|dc.description.abstract||In 1984 the General Synod of the Church of the Province of New Zealand established a Bi-cultural Commission on the Treaty of Waitangi. The Commission was required to study the Treaty and consider whether any principles of partnership and bi-cultural development were implied, and if so, how those principles could be embodied in the life of the Church. The Commission of three Maori and three Pakeha members consulted widely throughout the Church in both Maori and Pakeha settings, reporting back to General Synod in 1986 with 18 recommendations covering a wide range of issues, including land and the Maori language. The most significant of the recommendations established a further Bi-cultural Commission to revise the Church's constitution. The Commission's task was to be the revision of the constitution to ensure: that the preamble reflected the growth of the Church in New Zealand from 1814 to the present day; that the principles of partnership and bi-cultural development were expressed and entrenched; that the provisions of the Church of England Empowering Act 1928 were incorporated; and that Te Pihopa o Aotearoa and Te Runanga o Te Pihopatanga o Aotearoa had equal status with Diocesan Bishops and Synods. The Commission was, 'to have regard to the Report and Recommendations of the Bi-cultural Commission on the Treaty of Waitangi; and in particular to consider the Commission's response to the submission from Te Runanga [o Te Pihopatanga].'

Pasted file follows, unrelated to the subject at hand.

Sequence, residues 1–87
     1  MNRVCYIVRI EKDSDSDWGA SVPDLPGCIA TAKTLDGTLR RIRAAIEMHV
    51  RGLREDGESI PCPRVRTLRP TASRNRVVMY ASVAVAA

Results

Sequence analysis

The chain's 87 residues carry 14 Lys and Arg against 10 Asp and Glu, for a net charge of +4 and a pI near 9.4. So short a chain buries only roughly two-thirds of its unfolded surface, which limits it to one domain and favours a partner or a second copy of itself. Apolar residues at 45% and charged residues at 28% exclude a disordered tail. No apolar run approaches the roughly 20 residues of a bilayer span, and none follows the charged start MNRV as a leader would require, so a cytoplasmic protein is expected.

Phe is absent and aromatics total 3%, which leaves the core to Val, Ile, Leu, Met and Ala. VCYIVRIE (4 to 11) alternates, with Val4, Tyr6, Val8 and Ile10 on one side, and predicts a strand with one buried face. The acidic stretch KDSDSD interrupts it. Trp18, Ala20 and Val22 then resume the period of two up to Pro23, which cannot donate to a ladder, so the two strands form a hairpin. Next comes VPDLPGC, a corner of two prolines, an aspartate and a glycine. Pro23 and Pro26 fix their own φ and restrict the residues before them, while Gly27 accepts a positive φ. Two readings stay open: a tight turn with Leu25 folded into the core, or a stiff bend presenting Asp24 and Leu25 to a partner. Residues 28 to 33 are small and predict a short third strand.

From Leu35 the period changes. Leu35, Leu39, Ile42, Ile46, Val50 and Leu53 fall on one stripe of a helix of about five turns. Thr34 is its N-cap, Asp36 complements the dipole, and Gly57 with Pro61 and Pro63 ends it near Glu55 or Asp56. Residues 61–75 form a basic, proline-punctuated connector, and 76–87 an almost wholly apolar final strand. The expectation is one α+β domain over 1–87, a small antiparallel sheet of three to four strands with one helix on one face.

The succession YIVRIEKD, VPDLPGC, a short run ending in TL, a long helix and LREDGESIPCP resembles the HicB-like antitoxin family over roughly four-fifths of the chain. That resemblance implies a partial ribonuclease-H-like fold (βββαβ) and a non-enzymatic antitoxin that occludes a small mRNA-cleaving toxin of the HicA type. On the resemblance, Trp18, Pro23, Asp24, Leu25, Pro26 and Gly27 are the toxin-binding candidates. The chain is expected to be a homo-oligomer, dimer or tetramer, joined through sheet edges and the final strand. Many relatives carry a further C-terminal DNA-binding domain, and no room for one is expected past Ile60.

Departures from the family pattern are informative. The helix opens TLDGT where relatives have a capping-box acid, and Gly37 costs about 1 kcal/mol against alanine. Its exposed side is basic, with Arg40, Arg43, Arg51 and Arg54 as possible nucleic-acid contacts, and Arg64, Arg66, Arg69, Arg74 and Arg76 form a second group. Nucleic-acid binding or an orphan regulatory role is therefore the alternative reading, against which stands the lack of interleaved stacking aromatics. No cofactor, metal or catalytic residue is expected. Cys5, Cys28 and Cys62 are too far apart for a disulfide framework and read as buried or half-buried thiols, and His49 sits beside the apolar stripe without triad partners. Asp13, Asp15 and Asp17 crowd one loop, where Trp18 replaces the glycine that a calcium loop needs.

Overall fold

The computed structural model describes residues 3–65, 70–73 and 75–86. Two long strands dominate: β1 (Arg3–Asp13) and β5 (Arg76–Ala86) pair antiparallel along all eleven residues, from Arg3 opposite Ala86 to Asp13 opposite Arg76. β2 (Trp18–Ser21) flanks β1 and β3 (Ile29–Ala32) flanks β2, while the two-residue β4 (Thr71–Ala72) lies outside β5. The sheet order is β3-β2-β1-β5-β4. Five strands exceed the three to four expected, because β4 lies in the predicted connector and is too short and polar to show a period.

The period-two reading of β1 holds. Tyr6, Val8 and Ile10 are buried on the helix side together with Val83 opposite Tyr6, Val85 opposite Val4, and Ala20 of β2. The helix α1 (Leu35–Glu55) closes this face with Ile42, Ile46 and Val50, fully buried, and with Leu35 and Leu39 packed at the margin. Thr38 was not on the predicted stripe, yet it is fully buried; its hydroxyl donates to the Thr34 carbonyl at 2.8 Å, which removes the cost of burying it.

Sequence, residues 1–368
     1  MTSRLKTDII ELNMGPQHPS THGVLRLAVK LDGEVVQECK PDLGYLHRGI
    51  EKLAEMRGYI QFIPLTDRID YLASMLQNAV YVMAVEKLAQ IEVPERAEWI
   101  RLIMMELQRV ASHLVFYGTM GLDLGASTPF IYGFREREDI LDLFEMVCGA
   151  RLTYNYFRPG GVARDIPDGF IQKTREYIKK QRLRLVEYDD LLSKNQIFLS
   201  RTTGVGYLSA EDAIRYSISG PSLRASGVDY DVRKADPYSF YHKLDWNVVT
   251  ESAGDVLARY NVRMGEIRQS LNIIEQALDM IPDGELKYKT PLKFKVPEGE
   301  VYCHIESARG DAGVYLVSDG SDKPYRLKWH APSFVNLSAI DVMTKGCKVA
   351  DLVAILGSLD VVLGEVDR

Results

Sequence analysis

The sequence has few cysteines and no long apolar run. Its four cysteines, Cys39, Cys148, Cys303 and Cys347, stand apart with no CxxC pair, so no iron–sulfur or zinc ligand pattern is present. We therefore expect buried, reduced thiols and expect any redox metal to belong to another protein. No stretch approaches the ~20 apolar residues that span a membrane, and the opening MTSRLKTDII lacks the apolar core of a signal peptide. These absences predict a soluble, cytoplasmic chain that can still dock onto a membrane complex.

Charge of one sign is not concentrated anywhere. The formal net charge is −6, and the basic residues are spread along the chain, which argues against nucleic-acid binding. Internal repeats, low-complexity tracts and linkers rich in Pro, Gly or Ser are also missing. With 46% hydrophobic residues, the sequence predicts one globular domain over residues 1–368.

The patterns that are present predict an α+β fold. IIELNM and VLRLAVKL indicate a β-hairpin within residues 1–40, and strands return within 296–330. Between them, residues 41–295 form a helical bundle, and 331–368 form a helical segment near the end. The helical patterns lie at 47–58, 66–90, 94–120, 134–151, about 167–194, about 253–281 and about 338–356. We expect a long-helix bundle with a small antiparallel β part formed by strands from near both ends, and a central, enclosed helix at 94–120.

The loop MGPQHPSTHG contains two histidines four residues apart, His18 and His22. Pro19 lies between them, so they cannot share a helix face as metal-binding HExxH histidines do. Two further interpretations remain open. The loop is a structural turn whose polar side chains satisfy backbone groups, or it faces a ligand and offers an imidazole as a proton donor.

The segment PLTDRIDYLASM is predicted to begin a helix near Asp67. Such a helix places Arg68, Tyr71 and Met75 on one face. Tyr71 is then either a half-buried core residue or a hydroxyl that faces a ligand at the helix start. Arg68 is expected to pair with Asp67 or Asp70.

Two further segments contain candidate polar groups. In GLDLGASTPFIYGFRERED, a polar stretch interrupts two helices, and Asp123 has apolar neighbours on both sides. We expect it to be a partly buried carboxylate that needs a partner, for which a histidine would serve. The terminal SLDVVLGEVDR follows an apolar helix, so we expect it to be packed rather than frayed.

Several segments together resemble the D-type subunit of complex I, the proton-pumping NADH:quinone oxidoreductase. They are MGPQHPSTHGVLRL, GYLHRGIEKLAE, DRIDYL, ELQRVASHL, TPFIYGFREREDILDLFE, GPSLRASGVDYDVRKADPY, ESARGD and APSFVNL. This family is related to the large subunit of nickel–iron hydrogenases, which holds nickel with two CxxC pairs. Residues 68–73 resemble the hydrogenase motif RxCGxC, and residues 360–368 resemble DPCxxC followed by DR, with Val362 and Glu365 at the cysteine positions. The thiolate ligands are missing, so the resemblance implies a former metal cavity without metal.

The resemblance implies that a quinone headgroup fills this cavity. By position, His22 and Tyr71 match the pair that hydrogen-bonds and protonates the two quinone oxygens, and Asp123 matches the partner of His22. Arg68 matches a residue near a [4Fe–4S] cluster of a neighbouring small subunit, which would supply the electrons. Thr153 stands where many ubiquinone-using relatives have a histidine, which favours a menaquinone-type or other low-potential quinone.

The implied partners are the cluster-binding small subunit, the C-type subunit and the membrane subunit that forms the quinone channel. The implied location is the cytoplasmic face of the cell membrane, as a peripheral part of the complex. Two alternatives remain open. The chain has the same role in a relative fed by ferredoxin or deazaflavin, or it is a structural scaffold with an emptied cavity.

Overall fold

Bi-cultural Commission of the Anglican Church on the Treaty of Waitangi, Report of the Bi-Cultural Commission of the Anglican Church on the Treaty of Waitangi, te Kaupapa Tikanga Rua. [Christchurch]: Provincial Secretary of the Church of the Province of New Zealand,1986, p.26. Crucial factors in the development of the constitution were the Commission on the Treaty of Waitangi's definition of the terms partnership and bi-cultural development, and the structural model proposed to the Commission by Te Runanga o Te Pihopatanga.||en_US